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Data Validation Controls in ASP.NET 2.0 Part 1
ASP.NET 2.0 offers a wide variety of ways to capture user input. This translates to, many opportunities for users to provide bad data. In this article, you will learn about the support that ASP.NET provides to you for performing data validation.
Often, bad data doesn't affect your organization until someone tries to report against it or some business intelligence project uncovers the presence of inconsistencies. If bad data is discovered in these circumstances, correcting it is an overwhelming, if not impossible, task. There could be millions of records with inconsistent and erroneous information. All these instances will skew your reports and make your business intelligence efforts more ambiguous.
So that you can avoid correcting bad data, you must validate data at the time of entry and, thereby, prevent bad data from getting into your systems. ASP.NET 2.0 provides some excellent support for performing data validation. In this article, you will see, choosing an appropriate data validation technique and then how to implement that technique using the intrinsic ASP.NET 2.0 data validation controls.
Appropriate Data Validation Technique
In a multi-tier architecture, the input source is not restricted to the UI and presentation layers. Data can come from many different sources such as other internal systems, other external systems, and other components of the same system. In this situation, it is not sufficient to rely solely on the presentation layer for validation.
On the other hand, if your application receives its input exclusively from the UI, then you can rely solely on the UI to validate the input data. In this article, we will mainly focus on validating data provided via a Web-based UI.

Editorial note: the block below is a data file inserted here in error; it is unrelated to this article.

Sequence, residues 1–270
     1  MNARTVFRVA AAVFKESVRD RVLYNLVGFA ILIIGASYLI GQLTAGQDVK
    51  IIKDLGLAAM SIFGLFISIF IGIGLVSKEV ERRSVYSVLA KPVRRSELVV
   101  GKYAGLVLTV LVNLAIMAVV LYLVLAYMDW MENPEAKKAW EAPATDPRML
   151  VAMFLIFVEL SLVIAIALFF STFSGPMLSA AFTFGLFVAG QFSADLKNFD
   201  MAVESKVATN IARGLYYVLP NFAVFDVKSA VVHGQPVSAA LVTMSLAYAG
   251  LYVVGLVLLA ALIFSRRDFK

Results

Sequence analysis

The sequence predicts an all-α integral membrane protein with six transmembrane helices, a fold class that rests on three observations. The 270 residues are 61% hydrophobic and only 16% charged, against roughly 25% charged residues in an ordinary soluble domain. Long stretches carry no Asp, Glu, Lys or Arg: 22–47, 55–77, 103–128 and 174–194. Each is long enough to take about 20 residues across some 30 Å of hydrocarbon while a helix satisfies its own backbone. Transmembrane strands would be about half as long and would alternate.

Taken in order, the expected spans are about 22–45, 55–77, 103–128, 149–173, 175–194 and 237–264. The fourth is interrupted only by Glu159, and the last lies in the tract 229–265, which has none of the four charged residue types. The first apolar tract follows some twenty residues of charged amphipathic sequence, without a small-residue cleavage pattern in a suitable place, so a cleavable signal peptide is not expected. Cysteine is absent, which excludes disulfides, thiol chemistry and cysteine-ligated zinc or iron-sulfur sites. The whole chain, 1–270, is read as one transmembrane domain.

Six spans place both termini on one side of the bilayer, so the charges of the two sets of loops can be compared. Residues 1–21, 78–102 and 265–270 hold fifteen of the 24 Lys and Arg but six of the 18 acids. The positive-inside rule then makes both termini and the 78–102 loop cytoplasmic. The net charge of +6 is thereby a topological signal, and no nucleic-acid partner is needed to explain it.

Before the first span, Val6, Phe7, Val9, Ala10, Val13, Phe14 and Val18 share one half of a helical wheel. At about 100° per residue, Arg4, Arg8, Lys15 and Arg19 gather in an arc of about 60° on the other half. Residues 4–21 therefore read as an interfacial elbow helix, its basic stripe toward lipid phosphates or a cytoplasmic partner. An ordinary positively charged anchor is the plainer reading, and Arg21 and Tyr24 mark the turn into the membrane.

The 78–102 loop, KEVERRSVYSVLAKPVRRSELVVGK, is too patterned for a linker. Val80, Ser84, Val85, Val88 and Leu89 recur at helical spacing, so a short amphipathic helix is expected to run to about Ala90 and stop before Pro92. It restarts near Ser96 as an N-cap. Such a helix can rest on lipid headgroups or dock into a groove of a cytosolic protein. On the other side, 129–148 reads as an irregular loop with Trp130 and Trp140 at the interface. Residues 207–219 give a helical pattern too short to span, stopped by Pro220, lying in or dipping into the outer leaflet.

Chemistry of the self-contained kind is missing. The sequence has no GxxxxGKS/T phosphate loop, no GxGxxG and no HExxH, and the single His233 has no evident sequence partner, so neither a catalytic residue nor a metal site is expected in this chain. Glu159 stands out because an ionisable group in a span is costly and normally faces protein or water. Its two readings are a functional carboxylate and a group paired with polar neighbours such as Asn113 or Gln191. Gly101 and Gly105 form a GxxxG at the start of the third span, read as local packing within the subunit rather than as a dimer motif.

Validation Controls Common Properties
It should be no surprise that ASP.NET provides a solid base of validation controls. You can use these flexible controls out of the box or build on them through inheritance to create your own validation controls.
All ASP.NET validation controls have some common properties with which you should be familiar. The following listing describes the common properties among validation controls.
ControlToValidate: This property is used to indicate which control the validation control is to validate.
Display: This property provides three possible values. Setting the property to None prevents the control from being displayed inline. Use this setting in conjunction with the ValidationSummary control. The Static setting renders the validation control inline with other controls. This means that blank space is occupied by the control when it is not showing a message. Use the Dynamic setting when you want to avoid the control occupying blank space.
Enabled: This property determines whether the validation control actually performs validation.
ErrorMessage: This property is generally associated with the ValidationSummary control.
ForeColor: Use this property to set the color of the inline error message when validation fails.
IsValid: This property is used to evaluate whether validation fails.
SetFocusOnError: Setting this property to True causes the focus to be set to the control identified in the ControlToValidate property if validation fails.
Text: The Enabled property determines whether the validation control actually performs validation. The Text property is generally associated with the inline messageâ€“the message displayed at the location of the validation control.
ValidationGroup: Validation groups are new to .NET 2.0. This property is used to associate the current validation control with a specific validation group.
Now that you have been introduced to the common attributes of validation controls, you can dig deeper into specific facets of each validation control. You can use validation controls in combination. For example, you can use RequiredFieldValidator and RegularExpressionValidator controls on the TextBox control for capturing an e-mail address.
In Next article we will talk about all the validation controls.
FYI: (this is my article which is also published in another site)
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